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  • Ethical Aspects of Animal Husbandry
    Ethical Aspects of Animal Husbandry
    by Craig Terlson

    A collection of short stories where the humour runs dark and the slipstream bubbles up.


    ...imagine if Raymond Carver called up George Saunders and Joe Lansdale, and they all went drinking with Neil Gaiman.

  • Correction Line
    Correction Line
    by Craig Terlson

    “… it's clear that Terlson is way ahead of the curve in terms of crafting an engaging premise that reaches for elevated territory and reinvents enduring archetypes of action and suspense.”  J. Schoenfelder

    "Sometimes brutal, often demanding and always complex, this novel will repay the reader who likes their assumptions challenged and is happy to walk away from a book with minor questions unanswered but the big ones definitely dealt with! It’s likely to satisfy those who enjoy Hammet and/or Philip K Dick and who like their fiction very noir indeed."   Kay Sexton


    "I love a novel that you can't put down, and this is one of them."  L. Cihlar


Do you feel older, punk?

dirtyharrystor.jpg I know what you're thinking. "Did he fire six shots or only five?" Well, to tell you the truth, in all this excitement I kind of lost track myself. But being as this is a .44 Magnum, the most powerful handgun in the world, and would blow your head clean off, you've got to ask yourself a question: Do I feel lucky? Well, do ya, punk?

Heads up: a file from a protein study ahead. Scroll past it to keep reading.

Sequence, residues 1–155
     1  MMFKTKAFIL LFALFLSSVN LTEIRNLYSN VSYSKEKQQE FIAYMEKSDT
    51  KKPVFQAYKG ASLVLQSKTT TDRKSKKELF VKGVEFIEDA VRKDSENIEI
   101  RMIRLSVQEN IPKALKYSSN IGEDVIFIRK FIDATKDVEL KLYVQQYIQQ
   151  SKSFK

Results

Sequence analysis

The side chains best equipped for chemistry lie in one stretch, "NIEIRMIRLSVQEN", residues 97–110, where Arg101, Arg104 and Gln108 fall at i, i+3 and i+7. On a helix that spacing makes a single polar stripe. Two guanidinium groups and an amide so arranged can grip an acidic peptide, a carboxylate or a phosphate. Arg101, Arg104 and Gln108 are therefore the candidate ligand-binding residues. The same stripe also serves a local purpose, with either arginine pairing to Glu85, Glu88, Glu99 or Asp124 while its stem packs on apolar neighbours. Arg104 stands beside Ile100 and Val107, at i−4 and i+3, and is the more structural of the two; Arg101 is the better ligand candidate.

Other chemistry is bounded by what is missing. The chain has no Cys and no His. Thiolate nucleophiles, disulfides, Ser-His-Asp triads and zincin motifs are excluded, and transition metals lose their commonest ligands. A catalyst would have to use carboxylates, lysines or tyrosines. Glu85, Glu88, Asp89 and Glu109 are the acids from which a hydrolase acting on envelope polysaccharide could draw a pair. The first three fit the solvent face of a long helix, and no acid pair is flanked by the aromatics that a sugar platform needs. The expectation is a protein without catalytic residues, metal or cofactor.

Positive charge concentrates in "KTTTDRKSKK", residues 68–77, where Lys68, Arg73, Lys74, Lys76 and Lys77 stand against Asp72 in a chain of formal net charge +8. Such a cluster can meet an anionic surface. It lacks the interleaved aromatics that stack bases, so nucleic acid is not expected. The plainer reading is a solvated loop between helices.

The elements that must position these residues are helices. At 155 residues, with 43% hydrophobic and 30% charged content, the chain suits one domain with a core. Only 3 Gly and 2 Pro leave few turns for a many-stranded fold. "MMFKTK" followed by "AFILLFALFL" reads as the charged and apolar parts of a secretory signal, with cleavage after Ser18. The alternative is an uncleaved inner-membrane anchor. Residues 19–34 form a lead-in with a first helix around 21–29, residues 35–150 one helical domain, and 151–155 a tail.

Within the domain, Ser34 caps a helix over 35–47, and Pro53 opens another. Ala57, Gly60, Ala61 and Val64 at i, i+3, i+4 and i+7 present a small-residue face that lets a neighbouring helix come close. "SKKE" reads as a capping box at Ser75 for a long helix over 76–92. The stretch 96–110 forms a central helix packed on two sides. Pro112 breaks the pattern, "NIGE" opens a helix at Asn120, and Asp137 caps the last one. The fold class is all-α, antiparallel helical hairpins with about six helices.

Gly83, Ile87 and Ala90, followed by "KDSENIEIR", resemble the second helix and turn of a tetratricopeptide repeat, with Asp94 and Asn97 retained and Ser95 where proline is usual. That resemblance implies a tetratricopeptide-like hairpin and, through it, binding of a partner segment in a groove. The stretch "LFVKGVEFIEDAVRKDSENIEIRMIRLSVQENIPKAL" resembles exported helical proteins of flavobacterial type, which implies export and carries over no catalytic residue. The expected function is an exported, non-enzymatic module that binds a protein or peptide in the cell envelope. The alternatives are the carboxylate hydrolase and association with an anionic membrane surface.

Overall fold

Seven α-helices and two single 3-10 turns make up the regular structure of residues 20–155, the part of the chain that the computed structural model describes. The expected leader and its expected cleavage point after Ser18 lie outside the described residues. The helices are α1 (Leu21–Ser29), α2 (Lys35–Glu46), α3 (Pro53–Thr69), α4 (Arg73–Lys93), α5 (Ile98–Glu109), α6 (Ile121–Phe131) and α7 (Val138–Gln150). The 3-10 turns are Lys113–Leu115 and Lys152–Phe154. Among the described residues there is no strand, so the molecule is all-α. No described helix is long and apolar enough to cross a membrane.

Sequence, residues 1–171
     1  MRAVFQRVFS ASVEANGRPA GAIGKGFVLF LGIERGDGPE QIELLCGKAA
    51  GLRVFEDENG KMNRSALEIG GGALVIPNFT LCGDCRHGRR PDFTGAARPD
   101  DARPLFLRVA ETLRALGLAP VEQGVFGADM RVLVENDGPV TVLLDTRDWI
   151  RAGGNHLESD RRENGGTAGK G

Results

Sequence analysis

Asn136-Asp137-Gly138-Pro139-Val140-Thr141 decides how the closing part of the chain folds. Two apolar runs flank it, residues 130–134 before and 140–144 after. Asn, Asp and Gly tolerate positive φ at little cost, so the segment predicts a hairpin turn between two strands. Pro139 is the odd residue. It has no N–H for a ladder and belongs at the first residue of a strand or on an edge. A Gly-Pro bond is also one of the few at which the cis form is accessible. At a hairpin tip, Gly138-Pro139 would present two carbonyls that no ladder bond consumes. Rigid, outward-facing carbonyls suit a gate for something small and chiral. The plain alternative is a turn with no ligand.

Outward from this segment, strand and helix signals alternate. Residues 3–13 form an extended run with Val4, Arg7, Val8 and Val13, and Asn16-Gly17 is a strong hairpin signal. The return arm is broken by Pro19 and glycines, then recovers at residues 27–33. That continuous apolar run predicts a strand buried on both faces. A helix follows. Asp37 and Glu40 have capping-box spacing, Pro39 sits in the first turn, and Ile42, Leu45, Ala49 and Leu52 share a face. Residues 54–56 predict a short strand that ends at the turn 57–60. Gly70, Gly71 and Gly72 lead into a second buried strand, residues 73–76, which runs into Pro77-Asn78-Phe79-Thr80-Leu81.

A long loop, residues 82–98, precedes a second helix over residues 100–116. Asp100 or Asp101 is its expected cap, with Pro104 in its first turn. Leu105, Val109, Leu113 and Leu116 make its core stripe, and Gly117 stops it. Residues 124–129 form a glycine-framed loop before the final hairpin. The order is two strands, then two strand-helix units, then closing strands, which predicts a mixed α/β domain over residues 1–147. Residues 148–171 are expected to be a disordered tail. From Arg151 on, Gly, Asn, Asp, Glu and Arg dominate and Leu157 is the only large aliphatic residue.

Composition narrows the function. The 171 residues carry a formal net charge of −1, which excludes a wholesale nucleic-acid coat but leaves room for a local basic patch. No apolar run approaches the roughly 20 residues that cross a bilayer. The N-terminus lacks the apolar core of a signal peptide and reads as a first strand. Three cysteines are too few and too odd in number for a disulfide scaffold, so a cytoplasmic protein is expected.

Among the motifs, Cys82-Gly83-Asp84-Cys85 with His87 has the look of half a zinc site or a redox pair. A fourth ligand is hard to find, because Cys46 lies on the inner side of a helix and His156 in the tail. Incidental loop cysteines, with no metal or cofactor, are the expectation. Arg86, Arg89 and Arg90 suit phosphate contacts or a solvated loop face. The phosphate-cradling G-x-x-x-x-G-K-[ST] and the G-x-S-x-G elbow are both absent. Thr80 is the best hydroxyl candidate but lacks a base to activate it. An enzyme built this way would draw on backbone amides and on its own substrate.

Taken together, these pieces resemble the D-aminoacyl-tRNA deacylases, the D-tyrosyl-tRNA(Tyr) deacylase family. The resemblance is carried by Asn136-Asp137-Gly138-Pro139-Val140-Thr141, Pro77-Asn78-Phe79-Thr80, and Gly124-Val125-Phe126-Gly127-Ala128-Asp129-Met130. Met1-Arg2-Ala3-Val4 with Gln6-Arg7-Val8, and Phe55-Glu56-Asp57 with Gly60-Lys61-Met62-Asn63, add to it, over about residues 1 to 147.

Um, no Mr. Callahan, I don't.
Just a bit older, and maybe somewhat wiser.


This shit just got real.

hotfuzz.gif Okay, for starters this is a dumb movie, but it is also a very very smart movie. I took in Hot Fuzz this weekend with my son and wife. My wife gets the mom of the year award for sitting through a tremendously male movie. Secretly, I think she might have liked it, but needed to preserve her sophisticated mom exterior. My son thought it was the best thing since...well... EVER!

It is clever satire, Hollywood action films get screened through a British sardonic filter. There are also some definite nods to John Woo and Chow Yun-Fat in Hardboiled. I actually liked a lot of the quieter moments rather than the over the top parody. For a movie guy like me it was fun to pickup all the references and homages (one of the reasons I love movies like Pulp Fiction). But I have to admit it was bit embarrassing to admit I knew dialogue from Bad Boys 2 (the title of this post for example) and knew exactly the moment they were talking about in Point Break when Keanu Reeves fires his gun in the air in rage.

Now, pardon me, I need to go watch some Bergman films as a penance.
Then I'll see if can rent the entire Dirty Harry series - now that shit is real.


Fall in One Day

leaves2.jpg I've been working on a new piece for my class. A long one.
Here is an excerpt from "Fall in One Day".